Graham Chatterley is an SEMH school leader and father to an autistic son along with two other children. He regularly provides guest blogs for Axcis. In this one, he talks about the challenges children face when dealing with difficult situations and how we can help them to make better choices.
In one week we are going on a family holiday to Spain. I remember a time when something like this would be really looked forward to. I’ve always been a “glass half full” kind of guy but I am currently consumed with pessimism. We are at a point where going to the shop is a massive challenge with Daniel’s autism and collection of other needs – so to go abroad seems nuts!
All the things that could go wrong keep swimming about my head;
Is he going to become aggressive on the plane?
Will he eat in another country?
Am I fit enough to throw a 5 stone child about in the pool all day for 7 days?
Is he going to sleep in a different bed, in a different country, out of routine?
As I forecast the outcomes to these potential problems and get more anxious, I have to stop myself… I need to look at it a different way. We have done this before when we went away three years ago, and there were lots of positive experiences I can draw upon;
The last time he slept on the plane and going fast in the car is literally his favourite thing!
We have back up milk with enough nutrients in. If he doesn’t eat, it isn’t going to harm him!
I am 38 and past my best – but I think I can keep up with him – and I won’t be on my own.
In past experience the only place he has ever slept well was the last holiday in Spain!
So I temporarily come out of my worry cycle and feel a lot less pessimistic. Then I think about how I did it and how often the kids at school are in similar positions and we expect the same from them.
We expect them to employ similar techniques or a growth mindset, or we expect them to trust us when we tell them ‘it will be okay’ or ‘you can do it’ or ‘you don’t have to be scared’. Like the words should overcome every piece of evidence and life experience.
Just because we said it, meant it and believe it – so should they, but the truth is that it doesn’t matter how well meaning we are or how much we believe what we are saying if the overwhelming majority of evidence and experience says otherwise. This is why we have to create an evidence base that provides experiences that back up those statements.
The Experiences Bag
For me, I see it a bit like a lucky dip. All the experiences a child has are in a bag and when faced with a challenging situation they draw a response from the bag. If that bag only has negative experiences in it, then we will get a negative response – as we so often do with some children. This, in turn is often met with more negativity and we add another one to the bag!
It might be that we have previously managed to put some positive experiences in the bag. Maybe we did a good conflict resolution, maybe the child managed their anger well or was a good friend. Despite this, they may still be in a position where the negatives in the bag outweigh the positives, so in a moment of crisis – the odds are still that they will respond in a negative way.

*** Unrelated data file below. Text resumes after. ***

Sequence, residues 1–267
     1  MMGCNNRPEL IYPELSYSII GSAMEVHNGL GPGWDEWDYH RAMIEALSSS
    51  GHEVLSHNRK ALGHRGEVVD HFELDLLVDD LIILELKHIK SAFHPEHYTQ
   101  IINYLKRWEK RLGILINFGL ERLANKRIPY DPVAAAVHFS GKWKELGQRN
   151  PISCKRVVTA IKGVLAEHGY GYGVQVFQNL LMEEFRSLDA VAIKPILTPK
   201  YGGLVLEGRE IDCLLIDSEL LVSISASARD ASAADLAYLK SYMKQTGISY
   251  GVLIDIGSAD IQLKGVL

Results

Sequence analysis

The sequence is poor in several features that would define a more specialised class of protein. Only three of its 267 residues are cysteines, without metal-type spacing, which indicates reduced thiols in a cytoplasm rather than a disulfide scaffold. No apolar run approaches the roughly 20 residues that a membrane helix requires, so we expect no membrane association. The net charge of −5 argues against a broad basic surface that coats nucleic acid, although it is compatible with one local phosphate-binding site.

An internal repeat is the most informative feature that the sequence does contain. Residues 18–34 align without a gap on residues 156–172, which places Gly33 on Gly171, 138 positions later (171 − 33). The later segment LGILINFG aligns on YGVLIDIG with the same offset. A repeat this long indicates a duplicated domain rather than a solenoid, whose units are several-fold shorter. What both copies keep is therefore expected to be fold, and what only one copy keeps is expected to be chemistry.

This is the position many of the children we work with at my school are in. They come to us with a very unbalanced bag and are expected to manage complex situations, often very quickly, it stands to reason they pick out unsuitable choices.
So we have to help!
What is the biggest absentee in most difficult situations for both children and adults? Thinking time…
If we ask the child to just grab something immediately at random out of their bag, the odds are stacked against picking a good response. Yet we do it regularly – we put them on the spot, often saying things like; ‘What have you got to say for yourself?’
We create a lucky dip situation when we could be helping more effectively.
Rather than rushing them, could they be encouraged to take a minute to look through the bag? Can they find a situation where this happened before and the outcome was okay? Filtering is a difficult skill that many will struggle with but we can at least make sure they get the opportunity.
Help them locate good responses
We are their guides, their teachers, so let’s teach them how to search their bag! We can ask questions like;
Do you remember what we did last time?
I know how well you can do this because I’ve seen you do it when……
Growth mindset is more than us saying you can do it or you will succeed, it’s about us identifying when they have done it before and all the times they have succeeded and helping to keep them at the top of the bag.
Fill it up!
There is a fabulous video on YouTube about self esteem called ‘poker chips’ and at the end he says that our job as teachers is to make sure that each and every child leaves school at the end of the day with more chips than they started the day with.
This is the same principle. We have to add positive experiences to that bag. Every success goes in – and not just academic ones! We need to point out positive interactions and give jobs they can do well which will boost confidence – but most importantly – we need to carefully manage behavioural mistakes. We will still have to add a negative because they happen and that’s OK – but if we can have a resolution and therefore also add a positive, we can add balance.
If we do this over time we can tip the scales so that even if a situation is rushed, even if it is a lucky dip, the odds of picking out a positive experience and therefore response are far better.
Remember, children know what’s in their bag. For many they head to school rooting through it and all the failures. They play the upcoming day and forecast all of the situations where it is going to go wrong and unless somebody steps in to break this cycle it will repeat. That is where the adults need to come in.
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